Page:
The Legislative Analyst’s letter to Assemblyman Tom Lackey revealing that the cap-and-trade program’s effect on gasoline amounts to $2 billion a year or 11-cents a gallon is no surprise to readers of this page. Numerous writers over the last number of years pointed to the cost that would make its way to consumers at the pump under cap-and-trade.

More to the point is the issue of whether cap-and-trade revenue results from a tax? While that question is being decided by courts of law thanks to suits brought by the California Chamber of Commerce and others, I think the LAO’s analysis will convince the people of California that they are paying a tax.

The California Air Resources Board argues that businesses partake in the cap-and-trade auction voluntarily, nullifying the argument that the revenues are a result of a tax. But, the consumers are stuck with the bill when it comes to gasoline. There is nothing voluntary about the added 11-cents a gallon. Applying the old duck test, if it walks and quacks like a duck its a tax.

The question is: to what purpose?

A number of legislators commenting on the LAO’s letter to Assemblyman Lackey suggested that the $2 billion that is raised by placing cap and trade on gasoline production should be dedicated to the roads. Senator Pat Bates said, “Let’s use the $2 billion dollars that drivers are already paying to improve our transportation infrastructure instead of asking them for another tax increase.”

Governor Jerry Brown has called on the legislature to raise taxes for roads and transportation infrastructure.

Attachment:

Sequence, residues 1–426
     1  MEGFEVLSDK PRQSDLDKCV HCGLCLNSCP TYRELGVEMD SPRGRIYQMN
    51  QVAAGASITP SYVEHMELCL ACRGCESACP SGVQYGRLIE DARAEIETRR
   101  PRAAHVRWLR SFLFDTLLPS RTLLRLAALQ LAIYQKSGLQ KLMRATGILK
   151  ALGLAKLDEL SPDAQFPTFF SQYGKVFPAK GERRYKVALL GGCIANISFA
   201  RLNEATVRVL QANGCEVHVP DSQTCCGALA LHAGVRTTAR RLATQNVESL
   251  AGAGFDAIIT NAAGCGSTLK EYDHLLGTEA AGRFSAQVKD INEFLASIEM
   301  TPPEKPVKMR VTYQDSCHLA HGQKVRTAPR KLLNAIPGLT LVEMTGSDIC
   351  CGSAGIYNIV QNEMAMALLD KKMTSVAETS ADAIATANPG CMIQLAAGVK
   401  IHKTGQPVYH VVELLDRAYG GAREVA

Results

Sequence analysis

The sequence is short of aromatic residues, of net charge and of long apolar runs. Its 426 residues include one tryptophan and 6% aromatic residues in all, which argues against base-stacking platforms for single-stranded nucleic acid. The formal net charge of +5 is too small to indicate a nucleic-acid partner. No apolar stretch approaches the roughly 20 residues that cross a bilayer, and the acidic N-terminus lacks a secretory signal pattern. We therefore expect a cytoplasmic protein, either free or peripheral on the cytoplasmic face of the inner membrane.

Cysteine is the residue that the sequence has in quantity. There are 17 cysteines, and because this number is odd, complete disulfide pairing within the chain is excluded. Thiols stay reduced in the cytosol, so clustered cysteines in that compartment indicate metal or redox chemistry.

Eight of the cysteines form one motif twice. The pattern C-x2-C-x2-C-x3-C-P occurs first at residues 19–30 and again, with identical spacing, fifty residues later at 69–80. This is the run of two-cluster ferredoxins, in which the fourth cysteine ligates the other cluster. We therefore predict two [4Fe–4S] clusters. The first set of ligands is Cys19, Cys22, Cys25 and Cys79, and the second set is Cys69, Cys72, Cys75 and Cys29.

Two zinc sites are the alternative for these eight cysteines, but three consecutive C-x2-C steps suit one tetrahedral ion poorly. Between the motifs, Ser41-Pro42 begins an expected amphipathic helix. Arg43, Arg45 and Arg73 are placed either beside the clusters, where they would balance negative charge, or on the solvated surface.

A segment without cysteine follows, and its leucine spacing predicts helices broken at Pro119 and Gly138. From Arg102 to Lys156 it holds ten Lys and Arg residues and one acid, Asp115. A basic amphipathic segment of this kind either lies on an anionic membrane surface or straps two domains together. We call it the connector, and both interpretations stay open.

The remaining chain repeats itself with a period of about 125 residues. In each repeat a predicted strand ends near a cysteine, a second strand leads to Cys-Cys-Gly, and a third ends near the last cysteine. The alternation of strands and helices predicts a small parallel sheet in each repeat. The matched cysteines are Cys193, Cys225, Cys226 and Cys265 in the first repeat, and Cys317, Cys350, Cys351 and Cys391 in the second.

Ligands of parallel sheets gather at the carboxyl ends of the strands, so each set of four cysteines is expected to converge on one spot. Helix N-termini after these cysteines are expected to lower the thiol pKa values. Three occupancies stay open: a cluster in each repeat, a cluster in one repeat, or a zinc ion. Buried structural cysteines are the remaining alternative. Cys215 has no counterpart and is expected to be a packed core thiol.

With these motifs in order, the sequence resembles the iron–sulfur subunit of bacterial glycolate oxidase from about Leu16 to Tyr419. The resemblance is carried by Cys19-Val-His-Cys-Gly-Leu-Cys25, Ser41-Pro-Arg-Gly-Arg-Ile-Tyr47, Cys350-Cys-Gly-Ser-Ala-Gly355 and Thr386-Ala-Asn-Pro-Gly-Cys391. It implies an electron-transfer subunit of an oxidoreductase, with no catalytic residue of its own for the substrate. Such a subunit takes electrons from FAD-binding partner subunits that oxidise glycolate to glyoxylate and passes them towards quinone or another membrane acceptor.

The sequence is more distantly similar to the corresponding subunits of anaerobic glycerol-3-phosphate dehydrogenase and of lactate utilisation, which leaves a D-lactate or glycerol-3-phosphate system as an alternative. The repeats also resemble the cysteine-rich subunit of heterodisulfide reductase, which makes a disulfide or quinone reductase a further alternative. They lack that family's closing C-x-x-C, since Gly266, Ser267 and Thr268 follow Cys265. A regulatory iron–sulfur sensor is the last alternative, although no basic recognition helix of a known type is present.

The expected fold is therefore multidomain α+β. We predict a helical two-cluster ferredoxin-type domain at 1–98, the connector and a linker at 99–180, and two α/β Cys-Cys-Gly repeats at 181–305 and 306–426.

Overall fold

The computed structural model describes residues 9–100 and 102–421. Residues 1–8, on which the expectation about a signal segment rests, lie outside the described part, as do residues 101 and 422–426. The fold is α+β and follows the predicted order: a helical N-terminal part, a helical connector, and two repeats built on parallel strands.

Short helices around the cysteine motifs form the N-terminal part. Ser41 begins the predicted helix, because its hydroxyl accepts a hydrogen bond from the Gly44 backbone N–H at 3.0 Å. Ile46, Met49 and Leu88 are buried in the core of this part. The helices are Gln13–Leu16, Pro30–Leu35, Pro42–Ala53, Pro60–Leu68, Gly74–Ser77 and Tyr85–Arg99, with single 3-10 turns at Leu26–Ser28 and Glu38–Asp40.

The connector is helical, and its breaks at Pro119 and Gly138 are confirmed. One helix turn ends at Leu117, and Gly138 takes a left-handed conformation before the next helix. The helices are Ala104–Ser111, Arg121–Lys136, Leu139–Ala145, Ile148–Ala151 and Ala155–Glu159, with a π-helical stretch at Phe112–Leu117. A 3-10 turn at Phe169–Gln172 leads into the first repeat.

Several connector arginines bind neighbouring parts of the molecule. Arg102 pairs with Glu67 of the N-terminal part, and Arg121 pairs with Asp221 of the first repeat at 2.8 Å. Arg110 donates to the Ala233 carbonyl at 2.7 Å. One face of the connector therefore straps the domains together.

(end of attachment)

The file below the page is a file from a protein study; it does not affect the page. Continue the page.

Cap-and-trade revenue has found its way to a wide range of projects, all supposedly fashioned to deal with greenhouse gases, as the cap-and-trade law requires. The problem is that many of these projects only deal with greenhouse gases in a roundabout way. File these programs under: The law is satisfied in the eye of the beholder. In important instances, that eye belongs to the governor.

Cap-and-trade money is buttressing his high-speed-rail legacy project. Think of those train trestles that cross a gorge with the rickety timber creaking and swaying as the train passes by. The cap-and-trade money is the center beam holding the unstable finance scheme together for the moment.

While the LAO’s figure on the price increase per gallon was on the low end of predictions, the figure quoted was in the range that many experts expected. Car drivers pumping those extra dollars into the state coffers don’t see a direct benefit. (A few might, according to the LAO letter, such as those drivers who receive rebates for electric vehicle purchases.)

Yet, most of the programs don’t show a nexus between the money collected and where the money is spent. That is an important distinction because a fee must have a measurable link. If cap-and-trade revenue is judged to come from a tax, the legislation creating cap-and-trade would have required a two-thirds vote, which it did not get.

Still, the first judge who heard the case sided with the state. If the public becomes aware of the costs associated with cap-and-trade at the pump, I suspect the people will agree with the Chamber’s interpretation. Higher courts may, too.